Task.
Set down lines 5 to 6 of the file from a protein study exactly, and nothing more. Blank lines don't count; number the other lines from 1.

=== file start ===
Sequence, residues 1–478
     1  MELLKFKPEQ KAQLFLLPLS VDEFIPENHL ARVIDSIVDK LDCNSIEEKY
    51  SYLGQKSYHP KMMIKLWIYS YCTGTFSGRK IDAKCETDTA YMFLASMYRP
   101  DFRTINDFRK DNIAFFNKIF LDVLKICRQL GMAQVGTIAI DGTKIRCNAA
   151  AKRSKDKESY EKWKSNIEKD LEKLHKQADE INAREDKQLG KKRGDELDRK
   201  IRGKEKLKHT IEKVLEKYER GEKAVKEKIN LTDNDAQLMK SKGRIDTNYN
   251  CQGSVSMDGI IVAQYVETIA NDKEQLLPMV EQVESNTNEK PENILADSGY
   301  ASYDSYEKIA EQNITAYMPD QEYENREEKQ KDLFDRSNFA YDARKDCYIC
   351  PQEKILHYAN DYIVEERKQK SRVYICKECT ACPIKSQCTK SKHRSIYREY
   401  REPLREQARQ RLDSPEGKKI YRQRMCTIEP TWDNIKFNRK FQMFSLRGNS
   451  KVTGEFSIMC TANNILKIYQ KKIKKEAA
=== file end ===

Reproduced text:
   151  AKRSKDKESY EKWKSNIEKD LEKLHKQADE INAREDKQLG KKRGDELDRK
   201  IRGKEKLKHT IEKVLEKYER GEKAVKEKIN LTDNDAQLMK SKGRIDTNYN